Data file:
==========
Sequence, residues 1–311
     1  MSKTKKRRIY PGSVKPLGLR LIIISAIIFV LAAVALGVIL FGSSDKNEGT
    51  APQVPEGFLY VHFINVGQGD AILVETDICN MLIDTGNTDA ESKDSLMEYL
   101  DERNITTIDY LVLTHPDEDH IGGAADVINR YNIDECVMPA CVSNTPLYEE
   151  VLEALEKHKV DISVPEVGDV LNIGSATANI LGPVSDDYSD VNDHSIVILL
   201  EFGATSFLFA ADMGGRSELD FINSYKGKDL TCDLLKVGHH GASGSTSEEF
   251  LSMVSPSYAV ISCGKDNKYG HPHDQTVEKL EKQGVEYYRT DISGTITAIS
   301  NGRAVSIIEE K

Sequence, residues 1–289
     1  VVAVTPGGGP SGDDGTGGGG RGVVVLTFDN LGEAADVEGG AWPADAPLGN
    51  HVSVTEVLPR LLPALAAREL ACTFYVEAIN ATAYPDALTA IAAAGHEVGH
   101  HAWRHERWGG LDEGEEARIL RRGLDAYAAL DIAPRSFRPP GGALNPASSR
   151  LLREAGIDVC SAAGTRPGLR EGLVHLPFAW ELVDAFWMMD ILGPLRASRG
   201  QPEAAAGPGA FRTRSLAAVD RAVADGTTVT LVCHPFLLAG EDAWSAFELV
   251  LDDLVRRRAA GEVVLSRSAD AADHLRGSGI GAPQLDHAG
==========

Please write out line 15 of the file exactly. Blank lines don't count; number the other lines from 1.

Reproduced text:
   251  LDDLVRRRAA GEVVLSRSAD AADHLRGSGI GAPQLDHAG